Whenever Spanish toll road operator Cintra lands the winning bid to take over a toll road or build a new one, highway users should read the fine print, trucking officials say.
Cintra is the leading partner in a consortium most likely to rebuild and add tolled lanes to 13 miles of the Northeast Loop in the metro Dallas area.
The Texas Department of Transportation announced Jan. 29 that it intends to work with the Cintra-led team known as NTE Mobility Partners to replace a portion of Interstate 820 and state Highway 121/183 known as the Airport Freeway with a wider roadway that will include tolled express lanes.
The project is part of a regional corridor dubbed the North Tarrant Express, aimed at increasing lane capacity in North Texas to meet population and transportation demand.
Part of the concern that truckers and other highway users have with this agreement is that the Cintra-led team will be in charge of operating and maintaining existing infrastructure built with tax dollars, said Mike Joyce, director of legislative affairs for the Owner-Operator Independent Drivers Association.
“For our members, we’re concerned that Cintra is getting its claws into those existing lanes with a bigger picture in mind when it comes to collecting toll revenue,” Joyce told Land Line.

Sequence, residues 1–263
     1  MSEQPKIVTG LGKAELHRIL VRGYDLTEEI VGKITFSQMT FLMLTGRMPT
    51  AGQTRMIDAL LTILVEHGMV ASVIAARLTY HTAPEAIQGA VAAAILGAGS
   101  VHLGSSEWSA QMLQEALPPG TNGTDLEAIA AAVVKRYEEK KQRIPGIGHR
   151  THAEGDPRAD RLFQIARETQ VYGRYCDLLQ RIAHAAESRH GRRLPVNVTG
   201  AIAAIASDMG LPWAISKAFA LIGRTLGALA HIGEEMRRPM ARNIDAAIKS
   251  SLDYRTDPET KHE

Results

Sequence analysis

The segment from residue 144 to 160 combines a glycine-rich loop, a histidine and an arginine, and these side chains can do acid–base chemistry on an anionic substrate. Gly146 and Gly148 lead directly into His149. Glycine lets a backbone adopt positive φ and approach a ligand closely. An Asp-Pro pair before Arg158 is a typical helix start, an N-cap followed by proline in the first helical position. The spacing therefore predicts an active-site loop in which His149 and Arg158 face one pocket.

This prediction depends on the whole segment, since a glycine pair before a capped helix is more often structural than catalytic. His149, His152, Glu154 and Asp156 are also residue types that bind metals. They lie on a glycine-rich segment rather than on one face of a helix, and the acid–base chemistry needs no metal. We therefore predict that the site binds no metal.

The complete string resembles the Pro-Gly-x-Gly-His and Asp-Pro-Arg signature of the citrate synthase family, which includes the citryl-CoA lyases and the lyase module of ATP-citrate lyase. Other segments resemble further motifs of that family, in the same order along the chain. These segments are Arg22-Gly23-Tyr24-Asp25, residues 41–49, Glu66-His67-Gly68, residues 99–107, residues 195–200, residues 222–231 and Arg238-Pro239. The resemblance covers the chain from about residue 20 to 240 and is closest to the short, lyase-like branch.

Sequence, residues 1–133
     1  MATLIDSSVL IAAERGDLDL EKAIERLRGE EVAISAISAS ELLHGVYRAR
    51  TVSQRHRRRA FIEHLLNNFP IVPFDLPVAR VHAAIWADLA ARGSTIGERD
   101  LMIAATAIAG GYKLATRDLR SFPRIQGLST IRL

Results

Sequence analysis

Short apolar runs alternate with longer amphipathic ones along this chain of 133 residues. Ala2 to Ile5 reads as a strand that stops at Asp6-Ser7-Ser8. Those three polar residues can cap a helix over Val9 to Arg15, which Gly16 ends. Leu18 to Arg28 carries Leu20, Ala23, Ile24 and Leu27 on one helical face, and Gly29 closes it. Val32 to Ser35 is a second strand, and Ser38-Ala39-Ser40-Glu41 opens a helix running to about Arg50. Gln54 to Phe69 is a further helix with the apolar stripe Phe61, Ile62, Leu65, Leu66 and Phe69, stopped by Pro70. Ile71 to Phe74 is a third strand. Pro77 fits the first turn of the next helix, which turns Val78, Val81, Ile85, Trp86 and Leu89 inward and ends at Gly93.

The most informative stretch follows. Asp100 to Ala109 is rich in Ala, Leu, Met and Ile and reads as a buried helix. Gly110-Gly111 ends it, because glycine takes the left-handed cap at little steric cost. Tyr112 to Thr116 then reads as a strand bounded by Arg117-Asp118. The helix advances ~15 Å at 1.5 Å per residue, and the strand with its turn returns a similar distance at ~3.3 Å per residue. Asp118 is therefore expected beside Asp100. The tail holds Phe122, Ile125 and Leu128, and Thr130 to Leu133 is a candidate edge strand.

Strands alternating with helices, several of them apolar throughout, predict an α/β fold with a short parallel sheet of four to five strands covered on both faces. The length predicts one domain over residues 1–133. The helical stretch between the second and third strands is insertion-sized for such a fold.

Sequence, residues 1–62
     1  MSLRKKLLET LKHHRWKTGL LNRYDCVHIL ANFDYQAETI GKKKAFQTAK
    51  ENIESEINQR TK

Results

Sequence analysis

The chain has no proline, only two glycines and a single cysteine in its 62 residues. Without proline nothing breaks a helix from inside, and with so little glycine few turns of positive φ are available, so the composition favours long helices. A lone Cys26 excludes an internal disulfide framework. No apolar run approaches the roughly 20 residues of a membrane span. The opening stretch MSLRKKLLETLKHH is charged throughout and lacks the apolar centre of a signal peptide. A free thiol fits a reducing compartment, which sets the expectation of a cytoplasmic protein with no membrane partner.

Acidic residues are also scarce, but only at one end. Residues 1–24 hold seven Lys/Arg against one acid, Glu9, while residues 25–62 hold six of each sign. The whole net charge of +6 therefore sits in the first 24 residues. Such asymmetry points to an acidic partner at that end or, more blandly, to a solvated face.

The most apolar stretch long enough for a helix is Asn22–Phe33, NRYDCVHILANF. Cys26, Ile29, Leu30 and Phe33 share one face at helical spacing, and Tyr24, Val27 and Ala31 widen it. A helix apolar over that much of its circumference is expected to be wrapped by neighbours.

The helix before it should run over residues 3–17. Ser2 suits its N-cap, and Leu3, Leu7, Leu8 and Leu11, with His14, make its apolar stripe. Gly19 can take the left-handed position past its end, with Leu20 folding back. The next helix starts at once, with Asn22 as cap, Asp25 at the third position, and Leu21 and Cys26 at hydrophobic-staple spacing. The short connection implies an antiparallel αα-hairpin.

He points out that Cintra has at least a 50-percent involvement in long-term contracts for the Indiana Toll Road and Chicago Skyway that put highway users on the hook for decades of guaranteed toll increases.
“These agreements have begun to evolve over the past year or so into agreements that are much more favorable to the highway user, but they’re still not nearly as favorable to the highway user as they need to be,” Joyce said.
Another concern is that the Cintra-led team is composed of a total of 12 firms, including other European companies, American financial giant JP Morgan and the Dallas Police and Fire Pension System.
“That’s a lot of hands to feed,” Joyce said.
TxDOT officials said up to $600 million in available fuel tax revenue would be combined with private investment and toll revenue for a total investment of $2 billion.
“The second cautionary flag I see is the leveraging of $600 million in fuel tax that is paid by highway users,” Joyce said. “We’re spending our highway user dollars to give to the private sector that’s going to turn around and toll us? Really? During these economic times?”
As the 13-mile portion of the North Tarrant Express moves forward, TxDOT has also asked NTE Mobility Partners to develop master financial and construction plans for additional portions of the loop.
Cintra, whose full name is Cintra Concesiones de Infraestructuras de Transporte S.A., partnered with Texas firm Zachry to construct and manage 40 miles of state Highway 130 from San Antonio to Austin.
TxDOT also tapped Cintra-Zachry to develop the first leg of the massive project formerly known as the Trans-Texas Corridor that would run parallel to Interstate 35.
Cintra also has a 53-percent stake in the Toronto-based 407 Express Toll Route.
– By David Tanner, staff writer